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Feds front $77 million to restore phone service in Caribbean

US regulators and large wireless carriers are offering help to get communications networks restored on Puerto Rico and the US Virgin Islands.


T-Mobile sends additional equipment and supplies to Puerto Rico to help with Hurricane Maria recovery efforts.


The Federal Communications Commission is kicking in money to help restore badly battered phone service on Puerto Rico and the US Virgin Islands.

The agency voted Wednesday to provide up to $76.9 million in Universal Service Fund money to help wireless carriers restore service. The FCC unanimously voted to provide the funds immediately to carriers. It also promised up to seven months of support from the fund, which has been used for decades to help lower the cost of deploying service in areas that are expensive to serve.

Typically, companies that qualify for Universal Service Funds get money to subsidize the cost of delivering their service every month. The lump sum payment will be used to begin the work of repairing infrastructure that was devastated as a result of Hurricane Maria, which hit the islands on Sept. 20, taking down most of the cell sites and leaving people without wireless, cable or even wireline phone service.

As of Thursday, 84.6 percent of cell sites on Puerto Rico and 60.3 percent on the US Virgin Islands were still not functioning, according to the FCC (PDF).

"The devastation wrought by Maria in Puerto Rico and the US Virgin Islands requires us to think more creatively," FCC Chairman Ajit Pai said in a blog post.  Pai added he hoped this nearly $77 million would be a "shot in the arm for network recovery and reconstruction" and give companies "the flexibility they need to restore service as quickly and efficiently as possible."



Flooded roads, cut fiber lines and a lack of commercial power have been among the biggest obstacles to restoring service, cell phone companies have said. Even though companies that qualify for USF funding are generally smaller regional players, the influx of cash could also help larger firms that don't qualify for these funds, like AT&T, T-Mobile and Sprint, get back online more quickly, said Sarah Oh, a research fellow and economist with the Tech Policy Institute think tank.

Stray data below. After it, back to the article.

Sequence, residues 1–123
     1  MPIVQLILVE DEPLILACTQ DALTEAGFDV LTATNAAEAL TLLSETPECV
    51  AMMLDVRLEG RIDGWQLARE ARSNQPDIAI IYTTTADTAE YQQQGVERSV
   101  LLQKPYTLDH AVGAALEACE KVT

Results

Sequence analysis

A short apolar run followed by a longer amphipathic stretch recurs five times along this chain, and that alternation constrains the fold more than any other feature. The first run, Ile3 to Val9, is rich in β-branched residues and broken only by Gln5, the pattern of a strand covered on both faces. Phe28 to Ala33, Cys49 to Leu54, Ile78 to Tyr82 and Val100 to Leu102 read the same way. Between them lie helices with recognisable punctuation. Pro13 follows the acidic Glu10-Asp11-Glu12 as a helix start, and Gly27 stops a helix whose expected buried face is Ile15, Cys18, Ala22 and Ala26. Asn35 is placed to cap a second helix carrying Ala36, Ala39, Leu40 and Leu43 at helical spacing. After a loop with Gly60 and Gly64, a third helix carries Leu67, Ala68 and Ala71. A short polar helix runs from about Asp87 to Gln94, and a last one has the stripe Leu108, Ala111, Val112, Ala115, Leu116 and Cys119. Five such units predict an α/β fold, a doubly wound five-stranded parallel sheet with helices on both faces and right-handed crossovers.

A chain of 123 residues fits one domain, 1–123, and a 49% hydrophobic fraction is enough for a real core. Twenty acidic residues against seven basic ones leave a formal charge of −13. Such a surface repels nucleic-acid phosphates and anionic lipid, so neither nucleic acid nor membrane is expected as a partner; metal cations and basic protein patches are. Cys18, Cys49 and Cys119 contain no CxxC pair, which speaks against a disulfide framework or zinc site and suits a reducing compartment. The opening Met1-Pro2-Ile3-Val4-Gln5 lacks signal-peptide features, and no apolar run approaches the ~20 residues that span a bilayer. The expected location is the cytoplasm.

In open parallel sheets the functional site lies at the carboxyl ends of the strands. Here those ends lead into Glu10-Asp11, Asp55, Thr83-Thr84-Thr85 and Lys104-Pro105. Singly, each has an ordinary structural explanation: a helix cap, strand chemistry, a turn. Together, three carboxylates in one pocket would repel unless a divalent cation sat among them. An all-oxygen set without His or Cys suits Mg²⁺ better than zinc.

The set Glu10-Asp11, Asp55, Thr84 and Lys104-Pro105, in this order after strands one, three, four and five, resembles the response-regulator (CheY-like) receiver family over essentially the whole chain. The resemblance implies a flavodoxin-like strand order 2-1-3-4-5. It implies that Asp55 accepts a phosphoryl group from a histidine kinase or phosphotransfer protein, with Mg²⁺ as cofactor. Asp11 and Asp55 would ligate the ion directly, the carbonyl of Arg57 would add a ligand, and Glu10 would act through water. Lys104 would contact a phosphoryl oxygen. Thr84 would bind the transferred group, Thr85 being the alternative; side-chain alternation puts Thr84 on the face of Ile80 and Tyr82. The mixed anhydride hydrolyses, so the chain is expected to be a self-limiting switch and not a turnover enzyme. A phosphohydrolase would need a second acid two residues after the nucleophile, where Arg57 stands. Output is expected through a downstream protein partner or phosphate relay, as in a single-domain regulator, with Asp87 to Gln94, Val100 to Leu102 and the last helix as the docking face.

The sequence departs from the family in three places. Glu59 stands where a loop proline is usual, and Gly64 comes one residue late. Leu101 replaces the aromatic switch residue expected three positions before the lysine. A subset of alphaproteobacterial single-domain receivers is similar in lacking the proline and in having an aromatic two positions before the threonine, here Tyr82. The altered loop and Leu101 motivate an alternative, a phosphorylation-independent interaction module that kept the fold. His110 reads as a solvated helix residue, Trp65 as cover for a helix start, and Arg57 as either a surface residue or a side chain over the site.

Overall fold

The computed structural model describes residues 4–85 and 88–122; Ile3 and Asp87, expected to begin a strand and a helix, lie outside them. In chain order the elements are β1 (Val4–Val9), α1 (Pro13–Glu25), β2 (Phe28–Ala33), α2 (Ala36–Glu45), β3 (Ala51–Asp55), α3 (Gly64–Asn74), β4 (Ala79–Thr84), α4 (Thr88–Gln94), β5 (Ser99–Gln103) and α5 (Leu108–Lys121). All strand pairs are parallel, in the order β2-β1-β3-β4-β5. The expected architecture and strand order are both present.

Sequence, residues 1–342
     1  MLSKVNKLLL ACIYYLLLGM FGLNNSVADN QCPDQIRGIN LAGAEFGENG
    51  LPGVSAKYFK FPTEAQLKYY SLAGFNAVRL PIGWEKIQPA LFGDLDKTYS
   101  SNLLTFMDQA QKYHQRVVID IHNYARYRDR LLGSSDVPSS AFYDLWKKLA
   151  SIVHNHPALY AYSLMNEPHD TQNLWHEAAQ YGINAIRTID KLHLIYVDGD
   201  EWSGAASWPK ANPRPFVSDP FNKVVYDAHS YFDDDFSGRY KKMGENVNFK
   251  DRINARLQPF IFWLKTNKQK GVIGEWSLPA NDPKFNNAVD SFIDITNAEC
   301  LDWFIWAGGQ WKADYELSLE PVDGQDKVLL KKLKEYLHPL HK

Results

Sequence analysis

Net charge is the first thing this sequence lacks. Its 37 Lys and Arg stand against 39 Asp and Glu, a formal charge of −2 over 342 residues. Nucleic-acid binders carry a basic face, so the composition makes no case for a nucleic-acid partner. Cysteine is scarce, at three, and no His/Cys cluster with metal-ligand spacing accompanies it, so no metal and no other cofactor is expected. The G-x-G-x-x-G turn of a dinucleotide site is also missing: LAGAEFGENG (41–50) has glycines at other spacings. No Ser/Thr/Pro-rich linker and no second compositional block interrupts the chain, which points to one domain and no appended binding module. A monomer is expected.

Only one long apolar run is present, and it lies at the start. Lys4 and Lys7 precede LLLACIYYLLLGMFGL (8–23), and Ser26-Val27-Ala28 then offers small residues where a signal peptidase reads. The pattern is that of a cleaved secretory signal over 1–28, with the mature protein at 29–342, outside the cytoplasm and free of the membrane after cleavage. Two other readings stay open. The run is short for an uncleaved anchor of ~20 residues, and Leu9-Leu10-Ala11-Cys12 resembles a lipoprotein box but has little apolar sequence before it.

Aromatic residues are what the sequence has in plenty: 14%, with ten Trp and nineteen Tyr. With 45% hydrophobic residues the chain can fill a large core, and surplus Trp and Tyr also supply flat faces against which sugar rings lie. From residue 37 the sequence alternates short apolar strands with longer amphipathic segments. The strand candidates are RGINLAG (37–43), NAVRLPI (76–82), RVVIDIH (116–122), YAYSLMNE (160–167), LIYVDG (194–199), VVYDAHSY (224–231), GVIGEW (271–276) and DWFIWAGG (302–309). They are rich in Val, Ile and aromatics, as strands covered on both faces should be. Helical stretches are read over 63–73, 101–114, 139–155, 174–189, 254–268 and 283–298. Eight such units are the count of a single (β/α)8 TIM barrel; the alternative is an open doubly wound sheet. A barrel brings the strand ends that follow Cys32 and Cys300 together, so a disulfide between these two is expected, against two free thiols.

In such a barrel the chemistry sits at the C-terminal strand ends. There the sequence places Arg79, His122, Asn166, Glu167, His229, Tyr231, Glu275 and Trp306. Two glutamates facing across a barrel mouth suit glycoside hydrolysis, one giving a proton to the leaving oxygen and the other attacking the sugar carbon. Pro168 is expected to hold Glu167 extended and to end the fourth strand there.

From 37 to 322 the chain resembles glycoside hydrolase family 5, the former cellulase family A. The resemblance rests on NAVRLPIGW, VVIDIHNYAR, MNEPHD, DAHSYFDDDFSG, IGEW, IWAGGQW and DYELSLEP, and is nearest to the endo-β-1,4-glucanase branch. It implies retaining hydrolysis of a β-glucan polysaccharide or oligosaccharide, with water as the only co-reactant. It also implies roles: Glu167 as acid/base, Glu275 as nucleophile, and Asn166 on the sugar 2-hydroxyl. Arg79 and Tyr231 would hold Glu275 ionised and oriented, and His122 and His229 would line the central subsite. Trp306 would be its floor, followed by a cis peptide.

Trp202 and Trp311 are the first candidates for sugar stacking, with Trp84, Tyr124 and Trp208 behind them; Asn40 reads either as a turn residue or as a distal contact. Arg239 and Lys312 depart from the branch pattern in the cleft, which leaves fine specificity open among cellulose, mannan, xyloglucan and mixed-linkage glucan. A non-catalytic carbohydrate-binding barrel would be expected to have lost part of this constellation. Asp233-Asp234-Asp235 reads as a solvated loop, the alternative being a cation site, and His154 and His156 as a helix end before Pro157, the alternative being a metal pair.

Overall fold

"The fixed infrastructure repairs will support efforts by all carriers in those areas," Oh said. "This lump sum funding support can go toward rebuilding infrastructure, such as cell towers, and restoring and repairing commercial power to these sites."

AT&T said in a statement that it appreciates the FCC's "efforts to facilitate rebuilding the communications infrastructure in Puerto Rico and the US Virgin Islands." The company said it will "closely assess the details of the Chairman's proposal" as AT&T continues its recovery efforts.

As ports have opened and roadways have been cleared, AT&T, T-Mobile and Sprint have been sending equipment, supplies and personnel to help get their networks functioning again. Verizon doesn't offer service on Puerto Rico. AT&T said it's been connecting more than 9 million calls and 5 million text messages a day on its network in Puerto Rico.

The company said a military flight arrived earlier this week in San Juan with temporary cell sites, generators, fleet vehicles, and network equipment and supplies.  Additional assets have continued to arrive on the island through the week.

AT&T also said it's made steady progress in deploying equipment and restoring service to sites on St. Croix, and crews will be deploying to St. John to deliver and set up equipment.

Sprint and T-Mobile have also been sending supplies and personnel to Puerto Rico. T-Mobile said it sent two barges loaded with additional trucks, temporary cell sites, and fuel. 

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But they all acknowledge it will be a long time before service is restored 100 percent throughout the region.

T-Mobile's chief technology officer, Neville Ray, tweeted earlier this week that "conditions remain perilous. Recovery will be a long, hard road, but our US & Puerto Rico teams are fully committed to relief efforts there."

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